Attended the AIMIA Mobile Measurement Metrics Launch this morning and it was an interesting event that really highlighted where the industry is up to right now. The report is now available for download from the AIMIA site.
There were some great speakers and I think this is a really important initiative.
I also think a few of the un-stated assumptions and where the current focus is was really interesting. The point that raised the most discussion from the audience was questions about why such complex data charges are still being applied and why “flat rate” models weren’t being used to drive user adoption of the Mobile Web in general.
While people on the panel claimed this still didn’t make “business sense”, I think the Flat rate is the new phat – MetroPCS case study posted recently by Vic Gundotra, “Vice President of Engineering for Google’s mobile and developer products” is a classic example of a strong business case.
I am also still a bit confused by the whole economics of the overall Mobile Advertising endeavour based on where this nascent market is up to.
For example, Claudia Sagripanti from GroupM quoted a recent Telsyte research report claiming the overall Mobile Advertising spend in Australia for 2008 was $7 Million. If this is the case then the Telco’s are probably only keeping just over half of that, and if you split it up between the 4 major networks then on average they’re getting less than $1 Million each!
When you compare this with the $44 Million spent by Optus alone over only 2-3 quarters to acquire iPhone users this highlights that Mobile Advertising Revenue cannot be impacting their balance sheet or bottom line at all…at the moment.
The underlying point is that the real revenue for the Telco’s doesn’t lie with Mobile Ad Revenue right now – it lies in the subscription services and data revenue generated when users click on the ads and browse the sites these ads point to.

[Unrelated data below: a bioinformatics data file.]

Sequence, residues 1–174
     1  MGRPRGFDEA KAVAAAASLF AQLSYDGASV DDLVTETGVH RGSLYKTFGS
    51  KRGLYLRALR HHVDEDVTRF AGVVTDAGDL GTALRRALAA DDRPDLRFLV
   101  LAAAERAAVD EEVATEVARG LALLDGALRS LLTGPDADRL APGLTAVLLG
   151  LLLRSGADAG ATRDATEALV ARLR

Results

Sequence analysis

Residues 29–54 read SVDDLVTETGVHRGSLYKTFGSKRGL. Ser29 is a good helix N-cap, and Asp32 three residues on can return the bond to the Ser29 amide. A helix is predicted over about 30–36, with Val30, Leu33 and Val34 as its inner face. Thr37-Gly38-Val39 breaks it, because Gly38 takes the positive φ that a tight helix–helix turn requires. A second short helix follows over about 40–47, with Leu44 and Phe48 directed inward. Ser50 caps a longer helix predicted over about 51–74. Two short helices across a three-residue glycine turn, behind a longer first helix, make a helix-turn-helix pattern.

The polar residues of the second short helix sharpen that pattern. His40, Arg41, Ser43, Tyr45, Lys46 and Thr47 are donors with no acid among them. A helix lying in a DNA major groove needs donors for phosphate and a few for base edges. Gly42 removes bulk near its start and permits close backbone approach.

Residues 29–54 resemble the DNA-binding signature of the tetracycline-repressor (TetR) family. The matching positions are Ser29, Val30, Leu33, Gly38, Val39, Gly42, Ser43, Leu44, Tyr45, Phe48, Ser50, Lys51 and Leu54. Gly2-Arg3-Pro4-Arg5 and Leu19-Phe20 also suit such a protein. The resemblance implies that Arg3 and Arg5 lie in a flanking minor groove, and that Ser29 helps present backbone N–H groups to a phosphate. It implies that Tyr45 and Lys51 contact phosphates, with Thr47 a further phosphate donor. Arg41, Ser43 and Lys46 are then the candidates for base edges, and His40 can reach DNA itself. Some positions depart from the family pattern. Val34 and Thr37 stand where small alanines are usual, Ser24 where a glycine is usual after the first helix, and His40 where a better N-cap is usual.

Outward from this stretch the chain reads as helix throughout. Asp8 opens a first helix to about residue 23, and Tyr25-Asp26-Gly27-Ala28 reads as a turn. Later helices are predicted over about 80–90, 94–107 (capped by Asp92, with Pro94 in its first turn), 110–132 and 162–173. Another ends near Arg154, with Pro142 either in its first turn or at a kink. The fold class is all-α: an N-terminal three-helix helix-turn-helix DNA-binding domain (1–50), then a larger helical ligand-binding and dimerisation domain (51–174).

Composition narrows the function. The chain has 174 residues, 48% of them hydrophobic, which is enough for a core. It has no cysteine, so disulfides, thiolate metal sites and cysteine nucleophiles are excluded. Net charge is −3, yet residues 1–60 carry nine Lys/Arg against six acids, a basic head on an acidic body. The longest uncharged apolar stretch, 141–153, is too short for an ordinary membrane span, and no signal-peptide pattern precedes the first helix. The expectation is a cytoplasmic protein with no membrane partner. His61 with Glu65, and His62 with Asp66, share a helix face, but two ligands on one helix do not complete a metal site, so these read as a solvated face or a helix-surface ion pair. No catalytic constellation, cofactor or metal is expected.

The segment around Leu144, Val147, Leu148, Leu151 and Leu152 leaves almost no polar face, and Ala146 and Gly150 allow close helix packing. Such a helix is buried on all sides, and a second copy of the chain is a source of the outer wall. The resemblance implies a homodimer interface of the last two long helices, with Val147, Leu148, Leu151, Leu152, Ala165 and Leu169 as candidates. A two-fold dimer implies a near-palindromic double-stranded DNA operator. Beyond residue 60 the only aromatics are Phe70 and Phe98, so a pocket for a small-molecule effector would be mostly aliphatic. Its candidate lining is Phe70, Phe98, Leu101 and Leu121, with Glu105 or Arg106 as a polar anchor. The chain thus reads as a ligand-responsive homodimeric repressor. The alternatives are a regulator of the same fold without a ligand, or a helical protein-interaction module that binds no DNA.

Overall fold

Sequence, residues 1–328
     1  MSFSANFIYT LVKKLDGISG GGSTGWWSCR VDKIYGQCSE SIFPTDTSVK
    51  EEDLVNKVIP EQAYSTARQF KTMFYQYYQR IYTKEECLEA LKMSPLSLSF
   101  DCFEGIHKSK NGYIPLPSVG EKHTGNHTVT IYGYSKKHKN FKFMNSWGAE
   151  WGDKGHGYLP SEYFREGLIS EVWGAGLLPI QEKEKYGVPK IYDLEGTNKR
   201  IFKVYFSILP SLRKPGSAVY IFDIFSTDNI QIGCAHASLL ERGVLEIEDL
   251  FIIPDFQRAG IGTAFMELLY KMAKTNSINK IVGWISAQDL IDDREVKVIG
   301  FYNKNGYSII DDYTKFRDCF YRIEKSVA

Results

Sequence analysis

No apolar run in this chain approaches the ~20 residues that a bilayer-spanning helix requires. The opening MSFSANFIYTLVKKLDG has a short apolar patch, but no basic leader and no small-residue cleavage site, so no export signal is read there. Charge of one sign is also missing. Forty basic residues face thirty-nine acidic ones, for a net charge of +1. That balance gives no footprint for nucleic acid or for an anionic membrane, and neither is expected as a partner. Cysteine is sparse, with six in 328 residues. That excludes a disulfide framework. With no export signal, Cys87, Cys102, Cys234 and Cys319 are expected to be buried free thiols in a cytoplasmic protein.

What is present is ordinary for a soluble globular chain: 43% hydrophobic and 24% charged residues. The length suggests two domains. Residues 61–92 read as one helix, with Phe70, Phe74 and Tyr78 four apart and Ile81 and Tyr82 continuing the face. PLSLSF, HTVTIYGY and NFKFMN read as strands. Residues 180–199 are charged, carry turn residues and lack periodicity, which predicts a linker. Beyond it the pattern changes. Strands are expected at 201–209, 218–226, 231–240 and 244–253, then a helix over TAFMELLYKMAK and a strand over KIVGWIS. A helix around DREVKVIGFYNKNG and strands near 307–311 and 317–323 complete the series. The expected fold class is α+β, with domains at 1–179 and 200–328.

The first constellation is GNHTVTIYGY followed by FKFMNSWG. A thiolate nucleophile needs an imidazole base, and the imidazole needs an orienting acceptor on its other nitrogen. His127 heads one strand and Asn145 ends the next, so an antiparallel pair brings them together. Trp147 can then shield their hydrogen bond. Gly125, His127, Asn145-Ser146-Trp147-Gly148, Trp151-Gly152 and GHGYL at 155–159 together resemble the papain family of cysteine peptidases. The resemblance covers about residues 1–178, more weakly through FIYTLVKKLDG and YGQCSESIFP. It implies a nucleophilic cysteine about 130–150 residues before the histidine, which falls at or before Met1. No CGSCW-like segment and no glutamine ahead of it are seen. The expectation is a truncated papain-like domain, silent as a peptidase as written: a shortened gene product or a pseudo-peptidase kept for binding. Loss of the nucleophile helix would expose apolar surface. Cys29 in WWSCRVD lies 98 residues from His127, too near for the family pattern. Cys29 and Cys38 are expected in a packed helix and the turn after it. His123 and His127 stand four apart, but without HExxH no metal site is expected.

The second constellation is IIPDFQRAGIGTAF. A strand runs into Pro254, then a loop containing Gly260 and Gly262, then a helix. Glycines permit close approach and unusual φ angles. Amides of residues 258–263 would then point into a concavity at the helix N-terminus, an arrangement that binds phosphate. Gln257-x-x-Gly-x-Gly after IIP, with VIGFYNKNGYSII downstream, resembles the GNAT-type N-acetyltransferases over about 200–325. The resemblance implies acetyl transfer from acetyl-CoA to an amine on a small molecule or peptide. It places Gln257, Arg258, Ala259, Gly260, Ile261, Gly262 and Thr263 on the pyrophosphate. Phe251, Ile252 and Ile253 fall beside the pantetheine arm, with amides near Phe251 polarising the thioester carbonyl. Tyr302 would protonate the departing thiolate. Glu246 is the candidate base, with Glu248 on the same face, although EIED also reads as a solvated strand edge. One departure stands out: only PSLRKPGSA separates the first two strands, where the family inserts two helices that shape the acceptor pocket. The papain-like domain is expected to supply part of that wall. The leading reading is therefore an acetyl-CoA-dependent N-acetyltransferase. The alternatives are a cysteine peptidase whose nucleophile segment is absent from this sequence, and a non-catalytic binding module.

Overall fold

The real revenue comes from encouraging users to get addicted to the Mobile Web and high-end smartphones like the iPhone and Palm Pre.
The real revenue comes from getting users to stop being afraid of data charges and use the Mobile Web like all of us early adopters do – 24 x 7.
So my question is…”wouldn’t this $1 million for each Telco be better allocated on encouraging users to adopt data heavy mobile habits instead?“.
If this doesn’t happen then the rivers of gold that people believe Mobile Advertising could become will not be realised.
Personally, we’ve gained a lot of data and insights into the real on-the-ground mobile user behaviour over the last couple of years and we are still constantly amazed by how “data charge” phobic the average Australian mobile user is. A lot of people simply don’t know their phones are even capable of using the web. And when we show them that they are they’re horrified and worried that simply clicking on a URL will cost them a fortune. Another large slice of users have even actively disabled data services on their phone so they don’t inadvertently rack up mobile data charges.
It’s going to take quite a bit of mainstream market edumacation to remove these fears and I’m not sure that focusing on such a small amount of Mobile Advertising Revenue right now is really the solution.
As I said, I think the AIMIA Mobile Measurement initiative is important and should be supported. I just think we really need to raise our sights a little higher when we’re considering the underlying goals.